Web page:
2019 Abilene Preservation Awards
Institutional Architecture Honoree
On September 26th, the Abilene Preservation Leauge honored Church of the Heavenly Rest Episcopal at 602 Meander Street for the distinctive, uplifting and sensitively considered renovation and construction of Gerhart Hall. This celebration included a pleasant evening of docent tours, a delectable dinner, an award ceremony and an unforgettable presentation on “Home” by Jay Moore.
Originally known as “the little stone church,” Church of the Heavenly Rest Episcopal was established near the corner of North Third and Orange Streets in 1883, only two years after Abilene was founded. In the early 1950s, with a growing congregation, the church made the decision to move to its current home, where the Legett Mansion formerly stood.
Easily recognizable as one of the most beautiful buildings in Abilene, Church of the Heavenly Rest Episcopal was designed in the gothic style by famed architect Philip Hubert Frohman. Modeled after the Washington National Cathedral, the majestic church building is of a grand scale and has a structural system of outstanding masonry work, a corner tower and exterior walls composed of Lueders limestone. Additionally, the church incorporated many parts of the original “little stone church” into its structure, including the original stained glass windows, altar, pews, credence shelf and baptismal font. Stones from the original building are found in the walls of the crypt and walls outside the chapel.
In 2014, reflecting the church’s continual growth, the congregation started a capital campaign fund to build a fellowship hall names after Rev. Willis Gerhart, affectionately known as Parson Gerhart, the rector of Heavenly Rest from 1920-49. A seamless blend between the old and new structures on the property was important and the stone quarry from which the main church was build was reopened to build the walls of Gerhart Hall. Curtis & Windam Architects designed the new hall and the Crowe Groups contractors completed construction in 18 months. APL President, Josh Black, said, “Construction of this building and the subsequent adaptive reuse of the existing decades of campus shine light on the caring nature of [Church of the Heavenly Rest’s] members.”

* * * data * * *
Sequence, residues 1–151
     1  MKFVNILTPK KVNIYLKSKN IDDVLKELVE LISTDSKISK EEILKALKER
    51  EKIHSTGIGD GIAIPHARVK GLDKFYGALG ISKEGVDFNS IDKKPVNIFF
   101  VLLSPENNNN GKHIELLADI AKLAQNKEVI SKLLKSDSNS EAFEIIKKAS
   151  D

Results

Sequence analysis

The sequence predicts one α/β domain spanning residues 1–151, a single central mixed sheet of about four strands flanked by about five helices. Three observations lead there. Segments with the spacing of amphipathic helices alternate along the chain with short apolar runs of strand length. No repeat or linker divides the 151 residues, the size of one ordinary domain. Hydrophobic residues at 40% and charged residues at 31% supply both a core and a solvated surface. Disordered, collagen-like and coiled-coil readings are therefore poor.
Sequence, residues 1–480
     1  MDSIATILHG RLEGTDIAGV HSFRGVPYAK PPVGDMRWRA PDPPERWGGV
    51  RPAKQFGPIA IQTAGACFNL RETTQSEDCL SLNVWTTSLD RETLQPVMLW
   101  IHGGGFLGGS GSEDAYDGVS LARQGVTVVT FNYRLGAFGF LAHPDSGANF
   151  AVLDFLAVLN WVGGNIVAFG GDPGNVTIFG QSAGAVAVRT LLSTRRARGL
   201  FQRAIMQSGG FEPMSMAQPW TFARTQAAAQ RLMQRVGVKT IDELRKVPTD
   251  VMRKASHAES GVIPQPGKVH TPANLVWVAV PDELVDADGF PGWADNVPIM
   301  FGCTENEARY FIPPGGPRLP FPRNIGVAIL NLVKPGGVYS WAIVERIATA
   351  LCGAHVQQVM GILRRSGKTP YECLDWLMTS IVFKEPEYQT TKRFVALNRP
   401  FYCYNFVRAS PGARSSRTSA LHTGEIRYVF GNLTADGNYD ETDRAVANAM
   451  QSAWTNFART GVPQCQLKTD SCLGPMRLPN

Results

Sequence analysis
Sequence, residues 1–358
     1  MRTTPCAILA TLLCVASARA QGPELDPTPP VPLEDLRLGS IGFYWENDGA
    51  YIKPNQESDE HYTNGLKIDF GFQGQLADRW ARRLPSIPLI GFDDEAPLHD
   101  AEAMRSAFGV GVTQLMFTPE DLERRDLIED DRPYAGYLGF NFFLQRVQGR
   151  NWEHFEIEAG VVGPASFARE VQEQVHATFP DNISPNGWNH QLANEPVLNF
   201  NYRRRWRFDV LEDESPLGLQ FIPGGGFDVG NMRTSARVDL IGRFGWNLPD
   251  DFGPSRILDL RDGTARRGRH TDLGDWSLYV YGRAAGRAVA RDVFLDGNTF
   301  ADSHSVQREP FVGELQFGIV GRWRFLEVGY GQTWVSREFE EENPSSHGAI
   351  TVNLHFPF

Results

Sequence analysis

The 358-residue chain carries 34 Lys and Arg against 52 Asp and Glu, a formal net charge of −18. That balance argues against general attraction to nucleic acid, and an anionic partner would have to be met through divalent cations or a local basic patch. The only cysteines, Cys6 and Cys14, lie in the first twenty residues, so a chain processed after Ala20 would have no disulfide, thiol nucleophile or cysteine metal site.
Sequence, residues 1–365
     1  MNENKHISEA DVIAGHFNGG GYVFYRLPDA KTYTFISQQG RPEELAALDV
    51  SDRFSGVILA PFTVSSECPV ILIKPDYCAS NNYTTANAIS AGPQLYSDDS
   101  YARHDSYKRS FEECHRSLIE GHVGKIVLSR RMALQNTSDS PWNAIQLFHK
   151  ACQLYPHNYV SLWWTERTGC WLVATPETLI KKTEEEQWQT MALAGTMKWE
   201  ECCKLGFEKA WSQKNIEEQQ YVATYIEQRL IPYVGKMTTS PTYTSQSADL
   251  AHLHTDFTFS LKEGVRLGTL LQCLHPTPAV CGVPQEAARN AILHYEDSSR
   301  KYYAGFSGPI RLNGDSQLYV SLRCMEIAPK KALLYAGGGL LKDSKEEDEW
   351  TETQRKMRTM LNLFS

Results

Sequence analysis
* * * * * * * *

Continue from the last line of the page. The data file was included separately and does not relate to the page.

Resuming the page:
On September 24th, the Abilene Preservation League recognized Barnes & Williams Drug Center at 701 Hickory Street for carefully caring for the facade or interior of a historic building, reflecting the ongoing spirit and identity of a vintage business. The celebration was complete with treats from Sweet Thyme Kitchen, a ribbon cutting with the Redcoat Ambassadors, which recognized 80 years of continuous operations, and an awards ceremony.
Barnes & Williams Drug Center was founded in 1930 in Breckenridge, TX by Mr. Jack Barnes and Mr. Paul Williams. In 1939, seeing the opportunity for growth, Mr. Barnes moved the pharmacy to Abilene, TX, making it the longest established pharmacy in the city.
The building which Barnes & Williams calls home was built in 1925 in the 20th Century Commerical style with Mission/Spanish Revival influences. The exterior walls are original stucco and the windows are original aluminum.
The pharmacy has long been tied to the loving hands of one family. In 1966, Larry Pittman purchased the pharmacy with his step-father, Sam Allen. Larry said, “One of the first pieces of advice that [Barnes] gave me when we bought the store in 1966 was ‘Larry, don’t ever move from this location.'” The advice has proven invaluable as the store has maintained its identity as a family-friendly corner drug store. Jean Fanning, a longtime customer, came to the celebration and said, “My parents came here. Of course, I came here too.” She went on to say of the current and past owners, “We’re friends. They’re my friends.” In 1989, Sam Allen retired and Barbara and Larry Pittman, Sam’s daughter-in-law and stepson, purchased the store, continuing operations. In 2019, Barbara and Larry Pittman passed operations on to their great-nephew and his wife, Tracy and Jordan Talley.
Neighbors and Historic Communities Honoree
On October 19th, the Abilene Preservation League recognized Town West Neighborhood, bounded by Graham, North Sixth, Grape and North First Streets, for lovingly preserving historic homes in a comfortable, compatible, caring community. Coinciding with the awards ceremony, the neighborhood hosted a Fall Front Porch Tour. This included a tour of 24 historic homes decorated for fall, entertainment from neighbors Lora Lynn Christensen, who skillfully played accordion, and the Catclaw Boys, who put on a fine performance, as well as, a time of fellowship and dinner.
Funding has been provided to the Abilene Preservation League from the National Endowment for the Humanities (NEH) as part of the 2021 Coronavirus Aid, Relief and Economic Security (CARES) Act of 2021. Any views, findings, conclusions, or recommendations expressed in this (program, exhibition, website, email) do not necessarily represent those of the National Endowment for the Humanities.